Jim White: New boss facing unenviable task of reversing squad's steady decline
There is a mood of optimism around Old Trafford.
The grumpy, tetchy gloom has lifted; the fug of incompetence has been cleared; the hapless and the hopeless have been expunged. David Moyes, a man so far out of his depth he needed an aqualung as he floundered in the technical area, has been put out of his – and everyone else's – misery. A nice guy, but it is best for all concerned he has gone. And taken his mates with him.
Now, with the Class of '92 in temporary charge, the club are back in the hands of those who understand them. And with Louis van Gaal or Carlo Ancelotti on the horizon, once more Manchester United are to be steered by those who are not scared of the club's scale, who will not shrink in furthering traditions. After a season to forget, all is well again in Manchester's red half. Problems are a thing of the past now the Chosen One has been deselected.
If you believe that, then you presumably believe that Kevin Pietersen is a team player, that Mike Riley enjoys weekly kitchen suppers round at Jose Mourinho's place and that Formula One is purely a test of driving skill.
For all his mistakes the reason United are not in contention at the point of the season that the destination of trophies is decided is not entirely due to Moyes. More to the point, the issues that ultimately cost him his job are still extant: in his 10 months in charge he did nothing to resolve the problems threatening to consume the club.
It is true that Moyes inherited from Alex Ferguson a squad which had just won the title. But it was also a squad coming to the end of its cycle, a squad in which old stalwarts had not been adequately replaced, in which the holes caused by corporate parsimony were glaringly obvious. With a back four ageing simultaneously, with a giant hole where central midfield should be, with the second-rate and the over-promoted masquerading as the next generation, it had been driven way beyond its potential by the genius of the man in charge.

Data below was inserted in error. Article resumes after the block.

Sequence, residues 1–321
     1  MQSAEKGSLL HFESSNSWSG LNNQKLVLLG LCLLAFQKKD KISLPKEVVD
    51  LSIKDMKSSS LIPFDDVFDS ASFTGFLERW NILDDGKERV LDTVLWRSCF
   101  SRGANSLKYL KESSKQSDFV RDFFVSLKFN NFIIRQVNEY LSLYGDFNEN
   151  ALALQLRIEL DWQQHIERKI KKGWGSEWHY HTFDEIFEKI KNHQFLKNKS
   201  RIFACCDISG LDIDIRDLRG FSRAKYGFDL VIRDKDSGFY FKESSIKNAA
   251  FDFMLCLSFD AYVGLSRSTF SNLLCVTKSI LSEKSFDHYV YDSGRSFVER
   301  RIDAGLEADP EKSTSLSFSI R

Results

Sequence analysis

Blessed with a full season of fitness from Robin van Persie, in his last season Ferguson had given new definition to the term papering over the cracks. The moment he stood down, his successor fell helplessly through the now-exposed fissures.
It was evident in United's Champions League tie with Bayern Munich how serious were the issues facing Moyes. The truth is, since the moment Cristiano Ronaldo was sold to Real Madrid, the club have been in steady decline. Just compare the United team that won the Champions League in 2008 to the one that played against Bayern, and precipitous slippage is evident in every position. The 2008 team trip off the tongue; the 2014 team tripped over their own laces.
This is the issue that will face whoever replaces Moyes: he too will inherit a squad that has been allowed to slip so far behind the elite it will need major surgery. Moreover, that surgery will now have to be conducted without the lure of Champions League football. In order to reclaim their position at the top of the game, United need absolute quality. But absolute quality tends to restrict itself to clubs in the Champions League. A vicious circle threatens which could well consume any incumbent. But hey, now's not the time to cavil. David Moyes has gone. The real United are back. (© Daily Telegraph, London)
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